Chicken with vent prolapse???

Discussion in 'Emergencies / Diseases / Injuries and Cures' started by Ali18ob, Feb 15, 2017.

  1. Ali18ob

    Ali18ob In the Brooder

    Jan 3, 2016
    Hi guys,
    I have an isa brown hen ( two and a half years old approx ) and it appears she has a vent prolapse. He vent area is bald from feather picking anyway, but was wondering if there is any way to fix the prolapse?

  2. Wyorp Rock

    Wyorp Rock Free Ranging

    Sep 20, 2015
    Southern N.C. Mountains
    Bring her in and give her a soaking in a warm epsom salts solution. Clean the prolapse and apply some hemorrhoid cream or honey, this will help reduce inflammation. Offer extra calcium (Tums, Liquid Calcium if you have it). It won't hurt to give her some poultry vitamins - direct dose of Poultry Nutri-Drench is good (1cc per 3lbs.).

    Gently push the prolapse to see if it will go back in. Sometimes, depending on how badly it's prolapsed or how swollen, it may not go back in first attempt. Keep the tissue moist with ointment, let her rest, then wait for the inflammation to go down. You may need to repeat the soaking/applying ointment, etc.

    Keeping her hydrated is priority - a dehydrated hen has a harder time contracting the prolapse back in, so plenty of water. You can offer her some egg or tuna in addition to her normal feed.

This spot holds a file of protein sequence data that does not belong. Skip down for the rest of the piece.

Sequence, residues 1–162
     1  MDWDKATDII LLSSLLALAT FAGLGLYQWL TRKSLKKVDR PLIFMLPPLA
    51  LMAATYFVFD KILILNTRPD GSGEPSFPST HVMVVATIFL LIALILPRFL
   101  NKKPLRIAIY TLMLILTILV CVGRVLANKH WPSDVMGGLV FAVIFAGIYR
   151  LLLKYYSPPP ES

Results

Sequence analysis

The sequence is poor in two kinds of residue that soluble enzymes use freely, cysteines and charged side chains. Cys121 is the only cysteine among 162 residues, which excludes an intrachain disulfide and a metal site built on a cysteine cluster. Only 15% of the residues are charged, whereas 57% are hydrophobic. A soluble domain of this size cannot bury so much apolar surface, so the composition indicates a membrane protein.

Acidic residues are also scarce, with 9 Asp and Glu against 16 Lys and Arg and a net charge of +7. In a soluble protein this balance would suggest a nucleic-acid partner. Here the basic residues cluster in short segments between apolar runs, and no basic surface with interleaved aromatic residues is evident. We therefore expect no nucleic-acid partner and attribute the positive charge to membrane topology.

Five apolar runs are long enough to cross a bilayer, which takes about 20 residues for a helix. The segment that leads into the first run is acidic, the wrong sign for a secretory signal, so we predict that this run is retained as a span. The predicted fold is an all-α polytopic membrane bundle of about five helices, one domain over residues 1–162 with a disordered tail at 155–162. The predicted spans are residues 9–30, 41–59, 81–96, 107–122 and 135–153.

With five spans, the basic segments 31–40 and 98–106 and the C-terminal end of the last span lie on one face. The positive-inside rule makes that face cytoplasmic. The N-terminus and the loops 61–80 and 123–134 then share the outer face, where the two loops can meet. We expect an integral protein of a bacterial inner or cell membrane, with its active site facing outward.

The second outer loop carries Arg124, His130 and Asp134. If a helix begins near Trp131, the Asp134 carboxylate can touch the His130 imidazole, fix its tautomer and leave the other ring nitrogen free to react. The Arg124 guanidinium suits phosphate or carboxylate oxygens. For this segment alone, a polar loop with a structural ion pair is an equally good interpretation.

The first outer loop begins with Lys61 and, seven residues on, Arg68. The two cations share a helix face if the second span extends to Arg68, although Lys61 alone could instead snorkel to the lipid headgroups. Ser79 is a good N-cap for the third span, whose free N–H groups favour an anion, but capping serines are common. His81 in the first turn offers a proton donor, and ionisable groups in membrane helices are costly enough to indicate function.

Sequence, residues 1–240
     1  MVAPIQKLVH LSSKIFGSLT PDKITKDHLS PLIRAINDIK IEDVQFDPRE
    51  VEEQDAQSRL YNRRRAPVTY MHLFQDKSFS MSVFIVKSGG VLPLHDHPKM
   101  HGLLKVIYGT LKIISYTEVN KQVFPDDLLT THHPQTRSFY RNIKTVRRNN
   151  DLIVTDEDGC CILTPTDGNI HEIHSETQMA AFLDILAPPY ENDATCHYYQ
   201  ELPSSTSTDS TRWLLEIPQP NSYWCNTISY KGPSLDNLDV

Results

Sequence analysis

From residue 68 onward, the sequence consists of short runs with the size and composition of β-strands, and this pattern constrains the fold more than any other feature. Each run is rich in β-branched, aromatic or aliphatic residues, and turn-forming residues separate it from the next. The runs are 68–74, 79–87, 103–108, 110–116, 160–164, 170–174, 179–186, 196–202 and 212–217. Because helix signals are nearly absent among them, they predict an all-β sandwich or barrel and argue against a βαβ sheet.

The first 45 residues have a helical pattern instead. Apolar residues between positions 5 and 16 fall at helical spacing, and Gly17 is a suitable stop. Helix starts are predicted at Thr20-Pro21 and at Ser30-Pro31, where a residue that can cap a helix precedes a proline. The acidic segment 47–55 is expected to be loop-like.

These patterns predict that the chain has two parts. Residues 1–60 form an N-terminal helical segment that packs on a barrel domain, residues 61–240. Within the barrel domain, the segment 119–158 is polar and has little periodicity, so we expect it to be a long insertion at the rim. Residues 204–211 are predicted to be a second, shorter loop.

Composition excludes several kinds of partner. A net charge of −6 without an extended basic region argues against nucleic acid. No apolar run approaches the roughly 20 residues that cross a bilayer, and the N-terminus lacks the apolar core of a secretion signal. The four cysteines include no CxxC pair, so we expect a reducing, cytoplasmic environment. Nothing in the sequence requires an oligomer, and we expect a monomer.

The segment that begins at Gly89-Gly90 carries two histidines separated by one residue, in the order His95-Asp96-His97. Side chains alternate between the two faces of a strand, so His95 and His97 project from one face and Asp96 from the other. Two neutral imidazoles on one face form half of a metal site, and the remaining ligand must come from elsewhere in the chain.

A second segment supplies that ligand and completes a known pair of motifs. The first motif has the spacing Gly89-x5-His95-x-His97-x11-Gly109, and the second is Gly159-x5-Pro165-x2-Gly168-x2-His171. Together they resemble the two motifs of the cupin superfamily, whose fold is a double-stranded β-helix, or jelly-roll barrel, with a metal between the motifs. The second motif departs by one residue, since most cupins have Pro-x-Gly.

Keep her warm. Let us know how she is doing.

    Here's a more detailed treatment plan:
    Last edited: Feb 15, 2017
    1 person likes this.
  3. Yemimah

    Yemimah In the Brooder

    Feb 12, 2017
    Isa browns are a production hen meaning they lay eggs and that is pretty much what they are about.At slaughter weight you barely get any meat off their carcass. I also went through the exact same thing with my large flock of 150 isa browns. I do not know if they are prone to it as a breed. We lost a lot of hens. Wish I would have known about backyard chickens then ! One small speck of advice that we learned from that was that we had too many roosters and our nest boxes were not quite right ... too high. We also learned that this can be caused by stress factors ....overcrowding and bad coop conditions. But I honestly wonder if this breed is prone as I also encountered the exact same problem from the same breed. Just curious how old are they?

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